A pathogenic connection between autoreactive T cells, fungal infection, and carcinogenesis has been demonstrated in studies of human autoimmune polyendocrinopathy-candidiasis-ectodermal dystrophy as well as in a mouse model in which kinase-dead Ikkα knock-in mice develop impaired central tolerance, autoreactive T cell–mediated autoimmunity, chronic fungal infection, and esophageal squamous cell carcinoma, which recapitulates APECED. IκB kinase α is one subunit of the IKK complex required for NF-κB activation. IKK/NF-κB is essential for central tolerance establishment by regulating the development of medullary thymic (...)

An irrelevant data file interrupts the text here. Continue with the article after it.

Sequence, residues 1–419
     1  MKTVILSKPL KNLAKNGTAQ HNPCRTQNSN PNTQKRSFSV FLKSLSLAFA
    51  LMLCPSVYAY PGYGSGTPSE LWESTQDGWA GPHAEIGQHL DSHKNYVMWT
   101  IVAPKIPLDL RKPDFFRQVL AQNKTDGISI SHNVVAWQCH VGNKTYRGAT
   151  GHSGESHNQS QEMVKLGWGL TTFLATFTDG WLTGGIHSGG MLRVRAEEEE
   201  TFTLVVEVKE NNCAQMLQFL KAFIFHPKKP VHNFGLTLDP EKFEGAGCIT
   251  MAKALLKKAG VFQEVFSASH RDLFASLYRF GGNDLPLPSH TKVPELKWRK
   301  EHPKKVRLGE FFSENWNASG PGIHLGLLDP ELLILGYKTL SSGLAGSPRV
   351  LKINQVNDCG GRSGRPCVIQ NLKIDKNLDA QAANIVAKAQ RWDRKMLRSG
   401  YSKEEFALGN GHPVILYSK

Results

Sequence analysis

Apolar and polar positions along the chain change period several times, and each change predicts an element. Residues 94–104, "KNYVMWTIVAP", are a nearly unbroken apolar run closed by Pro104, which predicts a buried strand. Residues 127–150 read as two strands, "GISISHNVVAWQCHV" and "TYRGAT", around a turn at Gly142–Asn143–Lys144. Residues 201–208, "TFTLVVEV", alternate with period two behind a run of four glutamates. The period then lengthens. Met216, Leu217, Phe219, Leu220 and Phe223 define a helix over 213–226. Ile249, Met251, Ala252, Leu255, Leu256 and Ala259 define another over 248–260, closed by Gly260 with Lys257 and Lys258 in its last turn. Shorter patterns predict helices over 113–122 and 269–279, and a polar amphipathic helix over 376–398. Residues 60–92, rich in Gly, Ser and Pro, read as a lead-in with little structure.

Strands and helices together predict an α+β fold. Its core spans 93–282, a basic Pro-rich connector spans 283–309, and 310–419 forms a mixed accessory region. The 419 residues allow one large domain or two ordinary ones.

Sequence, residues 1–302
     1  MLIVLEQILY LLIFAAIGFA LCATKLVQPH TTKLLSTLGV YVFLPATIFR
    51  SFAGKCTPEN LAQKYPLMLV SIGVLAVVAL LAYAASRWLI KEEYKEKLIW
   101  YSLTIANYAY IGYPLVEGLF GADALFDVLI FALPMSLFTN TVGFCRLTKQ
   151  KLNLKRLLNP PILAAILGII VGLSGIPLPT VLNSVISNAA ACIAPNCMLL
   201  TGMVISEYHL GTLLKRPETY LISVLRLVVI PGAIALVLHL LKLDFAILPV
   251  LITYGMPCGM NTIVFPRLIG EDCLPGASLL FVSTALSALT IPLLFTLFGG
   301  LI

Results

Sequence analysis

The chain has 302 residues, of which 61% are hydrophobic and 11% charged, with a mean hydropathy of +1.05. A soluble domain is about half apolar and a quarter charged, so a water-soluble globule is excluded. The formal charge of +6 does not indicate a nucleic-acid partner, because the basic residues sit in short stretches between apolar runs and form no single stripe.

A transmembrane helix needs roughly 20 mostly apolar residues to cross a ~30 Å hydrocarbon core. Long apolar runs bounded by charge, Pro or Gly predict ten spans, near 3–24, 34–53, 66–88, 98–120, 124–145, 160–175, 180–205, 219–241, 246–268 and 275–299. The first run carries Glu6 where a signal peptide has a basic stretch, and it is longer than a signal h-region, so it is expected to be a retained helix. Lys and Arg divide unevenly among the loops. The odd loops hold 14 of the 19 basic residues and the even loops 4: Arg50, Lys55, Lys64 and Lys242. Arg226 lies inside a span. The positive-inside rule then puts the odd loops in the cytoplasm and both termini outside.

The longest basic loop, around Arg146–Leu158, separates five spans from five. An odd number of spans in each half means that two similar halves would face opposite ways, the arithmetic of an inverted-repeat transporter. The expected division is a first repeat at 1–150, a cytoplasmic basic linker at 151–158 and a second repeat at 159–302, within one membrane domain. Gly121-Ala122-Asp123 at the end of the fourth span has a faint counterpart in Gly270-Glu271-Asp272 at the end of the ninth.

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  30.  45
    The Role of Religious and Spiritual Values in Shaping Humanity (A Study of Dr. B.R. Ambedkar’s Religious Philosophy).Desh Raj Sirswal - 2016 - Milestone Education Review 7 (01):6-18.
    Values are an important part of human existence, his society and human relations. All social, economic, political, and religious problems are in one sense is reflection of this special abstraction of human knowledge. We are living in a globalized village and thinking much about values rather than practice of it. If we define religion and spirituality we can say that religion is a set of beliefs and rituals that claim to get a person in a right relationship with God, and (...)
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  31.  89
    Beyond “Beyond a- and B-Time”.Mikel Burley - 2006 - Philosophia 34 (4):411-416.